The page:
If you are like me, sometimes “or all the time” challenged by power struggles between you and your children and want clues on how to manage these struggles and somehow guide yourself and your children towards a place you don’t feel stuck, then this is the article for you.
In this post I will share my Secret Three Reasons, why kids say No sometimes and give clues on why power struggles happen at home.
Demand or a Request; As yourself, are you approaching you’re child with a “demand” or a “request” – A demand is when you approach your child with pretty much an order. As we all know an order is asking someone to do something and expecting him or her to do it- it involves complete obedience. A request on the other hand is very different, it is asking someone to do something and really expecting them to have a say in it; when are they willing to do it? How would they like to do it? And sometimes, it is really whether they are willing to do it at all or not. As adults, we really get offended if someone, even if it was someone as close as our partner or mum, approaches us with a demand. Actually I believe it is no longer accepted in society that people approach each other with demands, however somehow it is still acceptable for care-givers/teachers/parents to approach kids with demands and expect kids to obey. Kids, like adults, react very negatively when approached in such a way. Clue; next time you’re asking your child to go do his/her homework notice if you’re using phrases like “would you be willing to..”, “what do you think about…”, “how about….”-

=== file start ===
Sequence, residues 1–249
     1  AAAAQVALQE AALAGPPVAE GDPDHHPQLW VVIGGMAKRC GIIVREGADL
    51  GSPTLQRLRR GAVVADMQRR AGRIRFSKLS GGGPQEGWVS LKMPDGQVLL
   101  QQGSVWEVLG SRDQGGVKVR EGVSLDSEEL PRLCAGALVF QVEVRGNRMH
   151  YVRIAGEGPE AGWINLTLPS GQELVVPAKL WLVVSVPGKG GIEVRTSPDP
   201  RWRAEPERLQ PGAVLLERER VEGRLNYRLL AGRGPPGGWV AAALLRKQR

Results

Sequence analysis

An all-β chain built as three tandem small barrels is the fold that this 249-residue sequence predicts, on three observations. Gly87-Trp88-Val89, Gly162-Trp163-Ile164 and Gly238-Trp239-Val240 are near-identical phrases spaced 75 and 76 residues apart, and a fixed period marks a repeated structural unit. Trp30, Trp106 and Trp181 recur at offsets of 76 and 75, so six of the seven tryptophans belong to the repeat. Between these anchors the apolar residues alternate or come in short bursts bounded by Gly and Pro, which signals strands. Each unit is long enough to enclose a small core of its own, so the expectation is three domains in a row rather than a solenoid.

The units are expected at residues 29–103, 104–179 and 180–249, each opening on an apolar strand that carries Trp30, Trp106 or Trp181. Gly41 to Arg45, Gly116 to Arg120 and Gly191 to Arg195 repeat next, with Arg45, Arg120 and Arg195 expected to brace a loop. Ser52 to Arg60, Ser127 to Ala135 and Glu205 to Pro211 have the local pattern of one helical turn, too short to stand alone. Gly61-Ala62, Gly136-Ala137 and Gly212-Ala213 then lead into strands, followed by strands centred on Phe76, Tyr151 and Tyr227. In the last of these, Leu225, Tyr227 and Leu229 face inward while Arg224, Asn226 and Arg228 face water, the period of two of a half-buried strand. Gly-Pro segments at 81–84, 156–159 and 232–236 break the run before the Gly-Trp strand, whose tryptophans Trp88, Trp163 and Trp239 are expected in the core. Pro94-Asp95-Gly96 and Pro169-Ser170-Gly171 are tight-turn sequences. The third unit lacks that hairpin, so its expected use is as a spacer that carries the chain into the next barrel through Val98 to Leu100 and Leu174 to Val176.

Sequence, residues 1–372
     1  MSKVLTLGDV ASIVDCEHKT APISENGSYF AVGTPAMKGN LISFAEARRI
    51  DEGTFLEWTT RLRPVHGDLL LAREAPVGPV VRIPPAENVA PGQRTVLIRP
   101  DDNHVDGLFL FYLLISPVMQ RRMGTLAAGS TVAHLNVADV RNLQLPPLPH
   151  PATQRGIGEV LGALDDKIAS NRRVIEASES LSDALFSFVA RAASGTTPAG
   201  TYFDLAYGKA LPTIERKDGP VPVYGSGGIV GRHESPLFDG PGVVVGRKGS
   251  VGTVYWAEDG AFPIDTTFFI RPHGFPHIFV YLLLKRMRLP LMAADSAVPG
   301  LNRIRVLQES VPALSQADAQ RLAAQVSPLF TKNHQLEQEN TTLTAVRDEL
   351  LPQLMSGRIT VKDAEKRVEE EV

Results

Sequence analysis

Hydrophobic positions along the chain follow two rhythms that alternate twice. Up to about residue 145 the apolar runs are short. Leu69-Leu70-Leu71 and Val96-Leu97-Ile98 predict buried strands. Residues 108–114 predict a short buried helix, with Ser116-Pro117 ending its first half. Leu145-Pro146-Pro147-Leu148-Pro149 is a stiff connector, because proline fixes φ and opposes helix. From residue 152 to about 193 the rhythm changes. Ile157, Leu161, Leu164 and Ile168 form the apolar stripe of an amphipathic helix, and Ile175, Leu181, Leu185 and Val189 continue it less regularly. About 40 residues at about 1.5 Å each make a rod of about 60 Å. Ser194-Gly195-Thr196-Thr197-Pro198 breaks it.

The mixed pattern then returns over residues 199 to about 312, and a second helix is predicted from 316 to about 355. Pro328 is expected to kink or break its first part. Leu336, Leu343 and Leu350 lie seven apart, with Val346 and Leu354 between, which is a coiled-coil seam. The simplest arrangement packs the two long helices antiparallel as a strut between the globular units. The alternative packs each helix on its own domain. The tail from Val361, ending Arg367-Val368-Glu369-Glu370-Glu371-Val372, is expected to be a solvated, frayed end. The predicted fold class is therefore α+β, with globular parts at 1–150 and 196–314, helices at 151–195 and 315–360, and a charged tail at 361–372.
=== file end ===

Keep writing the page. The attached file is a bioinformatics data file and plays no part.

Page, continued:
Your children’s needs; at this very moment you’ve approached them with your request. In often times we assume that we know what’s best for our children in any given time, but in a lot of cases this assumption is not true. Actually in a lot of cases this assumption contributes to the disconnection and to not meeting their needs for being heard, seen or empathizes with. Clue; you ask your daughter to do her homework and she responds saying no. In this case, “as a parent” I would take this opportunity to learn more about the reasons behind the no; is she tired? Is homework too much? Is she afraid she would find difficulty with homework and need support? Does she need rest? Or need play? Or maybe something else is going on that is occupying her attention.
Be true and honest; about how you feel and what are your needs as a parent. All through our relationship and with my step kids too, sharing how I feel about a given situation, and what are my needs and sometimes how I interpret a situation really contributed to the connection between us. In numerous conversations between my children, and me they would change their stand on something out of empathy and understanding of my needs. Being open enables them to tap into their need for contributing to me in a positive and loving way. Clue; Be honest with your child, no playing games or manipulation to get what you want. Just be in their eye level and speak your heart.
These are my secrets, would very much enjoy yours!
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Marwa Advocates for freedom, peace, and building compassionate homes.